LED vs. LCD TV’s

This article was written by Drew Prindle and originally appeared on the Digital Trends blog. See the original post here.

LED and LCD – what’s the difference? It’s a question we hear a lot from budding home theater shoppers. Blame the acronyms. While yesterday’s consumers had to make a simple choice between CRT and rear-projection television sets, today’s consumers are confronted with plasma, LCD, DLP, OLED, and laser televisions. And now, the age-old term LED has been stirred into the mix. Let’s take a look at what those three magic letters mean, how they apply to televisions, and why you might want to consider buying one.

An LED TV is an LCD TV

Despite having a different acronym, an LED TV is just a different type of LCD TV. The proper name would actually be “LED-backlit LCD TV,” but that’s too much of a mouthful for everyday conversation, so people generally just refer to them as LED TV’s, which can cause confusion.

Both types of TV make use of a liquid crystal display (LCD) panel to control where light is displayed on your screen. These panels are typically composed of two sheets of polarizing material with a liquid crystal solution between them, so when an electric current passes through the liquid, it causes the crystals to align so that light can (or can’t) pass through. Think of each crystal as a shutter, either allowing light to pass through or blocking it out.

Now, since both LED and LCD TV’s use LCD technology, you’re probably wondering what the difference is. The answer? Backlighting. Ordinary LCD TV’s use cold cathode fluorescent lamps (CCFL’s) to provide backlighting, whereas LED TV’s use an array of smaller, more efficient light emitting diodes (LED’s) to illuminate the screen, which gives them a few advantages.

Backlighting comparison

The benefits of LED backlighting

LED TV’s carry a number of advantages over regular LCD TV’s with CCFL backlighting. First of all, LED’s are considerably smaller than CCFL tubes, which means LED TV’s can be made much thinner. These days, most TV’s that measure under an inch thick are made with LED because they add very little depth to the display profile.

LED’s also consume less power than their CCFL counterparts, but the most important difference between the two is a feature called local dimming – a selective lighting technique that allows for deeper blacks and better overall picture.

The problem with CCFL backlighting is that fluorescent tubes must light the entire screen evenly, so designers have no way to vary the backlighting intensity in different parts of the screen. Even if you want to show a single white pixel on an all-black screen, the light in the back needs to be blazing away at full brightness. LED TV’s offer a solution to this with local dimming. The idea behind this technique is to control the output of the LEDs so that, rather than be on at full brightness all the time, they can be dimmed or turned off entirely.

This makes for much better black levels and contrast. Think of a space scene. You’ve got this big pool of black, interrupted by little dots of brightness (stars) and maybe one bright object (perhaps a planet or spaceship) in the middle. This is an extremely difficult image to pull off well because LCD panels aren’t that great at blocking out all of the light coming from the backlights. That’s where local dimming can come in handy. With this feature, the TV can shut off all the lights it doesn’t need and just use the right ones to make the stars and spaceship nice and bright.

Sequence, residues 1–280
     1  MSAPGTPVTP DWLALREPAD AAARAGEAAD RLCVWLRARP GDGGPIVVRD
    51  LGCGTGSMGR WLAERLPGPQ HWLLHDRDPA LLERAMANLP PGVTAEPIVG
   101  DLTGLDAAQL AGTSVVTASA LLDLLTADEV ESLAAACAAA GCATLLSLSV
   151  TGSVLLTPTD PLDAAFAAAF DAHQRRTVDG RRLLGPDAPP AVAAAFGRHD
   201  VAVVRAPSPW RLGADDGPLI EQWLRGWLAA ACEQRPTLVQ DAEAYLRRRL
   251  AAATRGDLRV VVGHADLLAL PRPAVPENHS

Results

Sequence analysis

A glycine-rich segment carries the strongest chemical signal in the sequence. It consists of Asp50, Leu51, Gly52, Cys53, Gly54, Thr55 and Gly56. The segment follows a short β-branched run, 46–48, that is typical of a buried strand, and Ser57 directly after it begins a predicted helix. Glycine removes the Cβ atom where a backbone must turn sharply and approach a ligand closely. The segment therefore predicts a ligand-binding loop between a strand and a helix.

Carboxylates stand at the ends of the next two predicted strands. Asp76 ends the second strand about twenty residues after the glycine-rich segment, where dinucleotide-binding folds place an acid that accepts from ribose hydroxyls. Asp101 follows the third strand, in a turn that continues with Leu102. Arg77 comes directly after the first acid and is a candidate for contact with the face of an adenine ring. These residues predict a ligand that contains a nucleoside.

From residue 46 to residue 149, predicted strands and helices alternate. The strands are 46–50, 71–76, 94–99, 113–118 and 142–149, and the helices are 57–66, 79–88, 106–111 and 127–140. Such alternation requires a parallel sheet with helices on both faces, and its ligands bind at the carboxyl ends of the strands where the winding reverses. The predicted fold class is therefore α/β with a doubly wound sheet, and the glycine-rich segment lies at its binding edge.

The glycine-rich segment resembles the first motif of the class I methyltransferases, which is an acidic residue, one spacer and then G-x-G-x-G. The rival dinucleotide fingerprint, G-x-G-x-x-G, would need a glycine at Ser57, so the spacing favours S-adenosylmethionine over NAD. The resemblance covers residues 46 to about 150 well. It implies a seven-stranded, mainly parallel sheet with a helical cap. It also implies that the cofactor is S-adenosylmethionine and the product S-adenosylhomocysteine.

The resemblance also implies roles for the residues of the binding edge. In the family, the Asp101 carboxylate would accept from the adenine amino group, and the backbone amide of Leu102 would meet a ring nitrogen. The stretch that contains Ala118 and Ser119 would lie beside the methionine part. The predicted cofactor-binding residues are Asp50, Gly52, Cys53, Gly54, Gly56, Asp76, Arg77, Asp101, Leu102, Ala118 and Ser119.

earth from space

However, it should be noted that not all LED TV’s come equipped with local dimming. Broadly speaking, LED TV’s come in two varieties: edge-lit and full-array, and only full-array TV’s can pull off local dimming well enough to compete with plasma TVs on a respectable level. Recently, some manufacturers have developed edge-lit televisions with local dimming functionality (Samsung UND8000 seriesLG LW5600 series), but due to the way they’re built, they generally can’t ”turn off” different parts of the screen intelligently the same way a full-array set can. When buying an LED TV, make sure you know whether it’s edge-lit or full-array before you pull out your wallet.

Efficient, bright, and stylish – but economical?

What does all this mean for the befuddled TV buyer? Well, if you can afford one, an LED-backlit HDTV is the way to go. These badboys are thin, easy to mount, energy efficient, and can produce a great picture – but all these benefits come at a premium. If you’re on a budget but you still want a great picture, look for a good plasma screen. They’re power hungry and usually a bit on the bulky side, but offer a cinematic experience similar to what you’ll get on an LED TV, and for not nearly as much money. CCFL backlit LCD TV’s are going the way of the Dodo, but might be the only option if you’re working with a limited budget.

Header LED image via Shutterstock

This article was written by Drew Prindle and originally appeared on the Digital Trends blog. See the original post here.

Projector SuperStore is your source for commercial-grade LCD and Plasma displays. Contact one of our Sales Team members today for more information, and to find the perfect display for your application!

Optoma ML1000 – Powerful, Portable, Unsurpassed LED Performance

The Optoma ML1000 was designed for mobile professionals seeking a bright, light, compact sized, full featured ultraportable LED projector that is powerful enough to use in the most demanding environments. Its industry leading LED light source delivers an astounding 1000 lumens of brightness combined with a 15,000:1 contrast ratio to produce the richest, most vibrant colors in this product category.

The Optoma ML1000 includes wireless presentation capability for maximum convenience and ease of use. It features an SD card port that allows you to deliver PowerPoint presentations, view PDF documents, display pictures, movies and more, all without the need of a computer or external peripheral device. An innovative touchpad design allows users to easily control the projector with simple gestures for maximum ease of use.

You can learn more about the Optoma ML1000 LED projector in this video-

Projector SuperStore is an authorized dealer and service center for Optoma products. You can view the ML1000 and Optoma’s other products here.

About Optoma Technology, Inc. – Optoma Technology, Inc. is an award-winning developer of projection and digital display products for business, education and home. The company manufactures multimedia projectors for mobile users, fixed installations, classrooms and home theaters, as well as HD displays. Optoma products combine superior image processing technologies with exceptional engineering and innovation to deliver images that are bright, crystal clear and finely tuned for tone and color. Optoma products are sold through the company’s global network of Pro AV dealers, major consumer electronics retailers and Internet resellers. For more information, visit www.optomausa.com.